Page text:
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During an appearance on MSNBC’s Morning Joe, Mike Allen, chief political reporter for Politico, explained that Democrats are increasingly worried about keeping control of the Senate this fall, which is why party leaders are going to bring up the Keystone XL pipeline for a vote.

“They’re actually going to have a vote, and this is a real surprise. It’s a sign of how worried Democrats are about the Senate” says Allen.” “Yesterday, I was out at the Milken Conference in Los Angeles [and] did a poll of a panel including a lot of Democrats, asking them what they thought the chances were that Republicans would take over the Senate.

“Nate Silver said it’s around 60 percent, David Leonhardt, in his new feature at The New York Times, has said it’s around 51 percent,” Allen noted. “The sense of Democrats I talked to is it’s more like 60 percent. They are very worried about a Republican Senate.”

Vulnerable Red State Democrats support Keystone XL and they’ve urged President Obama to approve the pipeline. Reid and other Democratic leaders are still debating on whether the vote will be on binding measure or on a non-binding “Sense of the Senate” resolution.

Harry Reid doesn’t actually give a damn about the economy

Senate Majority Leader Harry Reid (D-NV) is dead set on bringing to the floor a measure to increase the federal minimum wage to $10.10 per house. He scheduled a vote on the proposal despite a warning from the Congressional Budget Office that it will cost the economy at least 500,000 jobs:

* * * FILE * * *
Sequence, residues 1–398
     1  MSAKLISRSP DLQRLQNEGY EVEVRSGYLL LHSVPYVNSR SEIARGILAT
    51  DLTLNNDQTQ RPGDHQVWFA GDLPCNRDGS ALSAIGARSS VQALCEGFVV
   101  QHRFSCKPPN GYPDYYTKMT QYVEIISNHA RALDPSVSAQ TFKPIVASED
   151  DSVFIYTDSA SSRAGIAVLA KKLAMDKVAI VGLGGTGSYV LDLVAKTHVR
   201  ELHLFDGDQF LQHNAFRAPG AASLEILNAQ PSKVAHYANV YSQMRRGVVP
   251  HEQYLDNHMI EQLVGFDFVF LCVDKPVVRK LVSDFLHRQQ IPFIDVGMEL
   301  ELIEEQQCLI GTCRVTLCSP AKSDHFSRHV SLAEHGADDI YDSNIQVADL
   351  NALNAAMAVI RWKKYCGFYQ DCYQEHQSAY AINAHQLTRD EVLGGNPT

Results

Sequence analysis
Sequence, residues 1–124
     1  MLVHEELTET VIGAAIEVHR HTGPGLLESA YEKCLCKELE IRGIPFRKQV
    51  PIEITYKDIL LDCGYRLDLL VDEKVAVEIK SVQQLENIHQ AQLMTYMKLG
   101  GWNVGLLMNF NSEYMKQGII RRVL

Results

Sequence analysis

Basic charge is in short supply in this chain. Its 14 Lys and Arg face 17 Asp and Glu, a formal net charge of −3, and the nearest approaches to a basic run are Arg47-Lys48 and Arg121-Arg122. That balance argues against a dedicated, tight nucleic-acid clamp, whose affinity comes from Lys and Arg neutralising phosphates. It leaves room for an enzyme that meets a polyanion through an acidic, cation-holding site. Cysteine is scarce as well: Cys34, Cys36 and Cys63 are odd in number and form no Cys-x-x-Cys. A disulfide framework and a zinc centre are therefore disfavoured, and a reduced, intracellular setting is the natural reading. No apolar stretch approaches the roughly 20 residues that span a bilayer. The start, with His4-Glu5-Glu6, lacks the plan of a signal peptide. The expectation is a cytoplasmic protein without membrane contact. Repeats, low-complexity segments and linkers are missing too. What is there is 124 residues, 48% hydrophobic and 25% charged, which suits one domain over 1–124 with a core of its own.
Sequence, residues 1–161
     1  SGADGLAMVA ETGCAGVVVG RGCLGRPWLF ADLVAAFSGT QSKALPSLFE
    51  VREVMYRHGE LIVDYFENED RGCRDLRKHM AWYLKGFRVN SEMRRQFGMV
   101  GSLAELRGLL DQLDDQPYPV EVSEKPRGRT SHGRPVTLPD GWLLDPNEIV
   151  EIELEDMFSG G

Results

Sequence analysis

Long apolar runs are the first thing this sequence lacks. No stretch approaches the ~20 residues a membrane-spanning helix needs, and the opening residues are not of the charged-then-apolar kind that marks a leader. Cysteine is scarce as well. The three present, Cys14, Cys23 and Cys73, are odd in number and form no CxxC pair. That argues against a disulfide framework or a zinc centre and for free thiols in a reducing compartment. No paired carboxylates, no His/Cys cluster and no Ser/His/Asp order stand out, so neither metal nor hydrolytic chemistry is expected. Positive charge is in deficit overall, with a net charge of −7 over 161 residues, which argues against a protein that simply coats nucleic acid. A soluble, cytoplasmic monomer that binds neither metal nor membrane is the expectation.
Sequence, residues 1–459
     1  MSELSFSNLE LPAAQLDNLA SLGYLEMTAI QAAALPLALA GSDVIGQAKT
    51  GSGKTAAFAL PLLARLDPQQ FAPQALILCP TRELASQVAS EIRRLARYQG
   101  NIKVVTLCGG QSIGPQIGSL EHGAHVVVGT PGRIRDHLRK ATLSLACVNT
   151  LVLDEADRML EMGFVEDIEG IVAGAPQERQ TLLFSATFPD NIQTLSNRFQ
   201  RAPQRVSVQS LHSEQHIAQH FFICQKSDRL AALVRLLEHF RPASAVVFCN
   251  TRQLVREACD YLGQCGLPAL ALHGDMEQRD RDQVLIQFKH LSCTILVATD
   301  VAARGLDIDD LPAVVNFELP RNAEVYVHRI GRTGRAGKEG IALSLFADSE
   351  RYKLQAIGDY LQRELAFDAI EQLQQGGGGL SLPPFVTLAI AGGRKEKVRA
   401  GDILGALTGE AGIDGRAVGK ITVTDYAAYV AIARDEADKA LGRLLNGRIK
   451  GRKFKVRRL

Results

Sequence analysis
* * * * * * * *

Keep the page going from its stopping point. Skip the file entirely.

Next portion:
Reid filed cloture on the motion to proceed to S. 2223, a bill from Sen. Tom Harkin (D-Iowa) that would increase the minimum wage from $7.25 to $10.10 an hour. The vote could come as early as Wednesday.

The vote will be a major test of unity for Senate Democrats, who have made the wage hike central to their populist agenda for the midterm elections.

So, there’s that. They’re going to hold a vote on raising the minimum wage. Virtually every Republican will vote against it. On the ropes politically, Democrats will use the vote to claim that Republicans hate poor people. Because populism.

Here’s the thing, though. While Democrats are pushing a feel good measure that will hurt the economy, they’re having an internal debate on whether or not to bring another to the floor that would actually create jobs: